Perth developers raise the Flubar

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// Entrepreneurial software development company Ninja Software has created what could be the answer to preventing an outbreak of flu in the workplace…

When some of us start returning to work in offices, there needs to be some way to stop flu viruses spreading. Otherwise, the long road back could be even more pronounced, or worse, we get dreaded ‘second wave’ accompanied by outbreaks of winter flu.

Flubar is Ninja Software’s answer.

The device uses a state-of-the-art thermal camera to detect high temperatures, one of the common symptoms for early stage influenza.

Using complex artificial intelligence [AI] to create predictive data profiles for people, the device picks up on high temperatures, preventing false alarms.

“Crying wolf is the worst thing you can do for a product like this,” said Alex Dunmow, CEO of Ninja Software.

It has a diverse set of applications too, being able to clock employees in and out efficiently, and also acts as a more advanced security camera which recognises humans due to their heat signature, not just through movement.

When the Flu Gets Tough, Tell the Flu to Get Going

Alex told Startup News Flubar’s genesis came after the company was struck down by a terrible flu epidemic of its own last year.

The company was in the midst of the already massive task of customer migration when the flu took out the project manager, half the team, and Alex himself.

The question that followed came naturally: How can we stop this?

Though there’s probably nothing you can do to keep a workplace completely flu free, there were measures that could be put in place.

The idea: thermal imaging.

“We asked the obvious question: why not cough cam?”, said Alex , “So we looked into this, and found it was heavy on AI training, data, and money.

“Cough detection is something we want to do, and I’m really big on it, but the quickest automated system you can get is thermal recognition. You can quickly train the AI for thermal detection.”

Alex Dunmow

Ninja Software has an investor on board, with everything ready for production, albeit with disruptions in the supply chain because of the current pandemic.

The device comes in two different models, a smaller unit for household use, and a larger unit for office use called Flubar Pro.

Alex said the step up in resolution to Flubar Pro was exponential, offering many advantages beyond flu detection alone.

Flubar device looking for signs of the flu. Image: Supplied

A Two for One Deal

The resolution of the device means that things like facial recognition can also be integrated into the system.

It’s with this capability that the device can be used to clock in and out people from a job.

Clocking in can be as simple as facial recognition, and clocking out can be by app, or with a literal wave of the hand.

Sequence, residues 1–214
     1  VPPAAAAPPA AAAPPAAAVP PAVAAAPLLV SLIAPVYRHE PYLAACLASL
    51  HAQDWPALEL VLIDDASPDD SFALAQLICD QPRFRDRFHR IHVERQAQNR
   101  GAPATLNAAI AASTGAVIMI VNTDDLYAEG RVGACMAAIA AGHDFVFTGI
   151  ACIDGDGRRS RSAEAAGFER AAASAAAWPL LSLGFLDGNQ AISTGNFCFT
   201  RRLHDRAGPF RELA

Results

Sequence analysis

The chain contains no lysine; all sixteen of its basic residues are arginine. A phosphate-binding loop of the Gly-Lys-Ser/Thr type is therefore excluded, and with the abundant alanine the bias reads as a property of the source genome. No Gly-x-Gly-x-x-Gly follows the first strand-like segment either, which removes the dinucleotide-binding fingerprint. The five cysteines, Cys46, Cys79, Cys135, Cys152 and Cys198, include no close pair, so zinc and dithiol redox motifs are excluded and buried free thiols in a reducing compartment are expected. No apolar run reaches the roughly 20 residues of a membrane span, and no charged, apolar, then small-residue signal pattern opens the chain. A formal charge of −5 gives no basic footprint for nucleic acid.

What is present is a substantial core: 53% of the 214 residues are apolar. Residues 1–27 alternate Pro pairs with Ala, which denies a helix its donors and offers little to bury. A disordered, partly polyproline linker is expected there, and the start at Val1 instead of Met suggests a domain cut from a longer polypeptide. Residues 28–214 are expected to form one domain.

The Flubar Pro device in place, at reception. Image: Supplied

It can also be integrated into things like Xero, Quickbooks and MYOB Online as a preliminary step in the payroll system.

Alex said that it could also be used as part of a security system, especially with thermal recognition distinguishing real humans, not just arbitrary movement.

Privacy is a natural concern that people have when the words ‘facial recognition’ turn up.

Some countries are more sensitive to this sort of technology than others, and Alex said Asia is a great market for that reason, whereas Australians and Americans might not be as initially receptive to the idea of Flubar as facial recognition.

“The data is kept private and in Australia so there’s no data sovereignty issues,” he said.

The Flubar system. Image Supplied

How has COVID-19 impacted Ninja Software?

Amidst the negativity and melancholy , there’s some good news.

“It’s been busier than ever,” says Alex, “and with everyone online it would probably seem natural that things would get busier, but it was a surprise.”

What the long term impact is, Alex is unsure, but he did say it’s a great time to be a tech company, with managed service companies and ISP’s doing very well.

The pandemic has hit the Flubar supply chain hard however. Even though Alex says his ducks are all lined up, it can be difficult to procure high demand components like thermal imaging during these times.

One of the other potential boons to come out of the situation is the change in culture.

Alex said that the device wasn’t created because of or for COVID-19, but the situation has created market potential.

“Prior to COVID-19, the culture probably wasn’t there, and employers probably didn’t care if people were coming to work sick, bosses may have even encouraged it. But I think that is changing or has changed. People are more open to working from home, and there will likely be more friendly policies about sickness and working from home.”  

Alex Dunmow

For more, visit the Flubar website.


Main Photo by cottonbro from Pexels.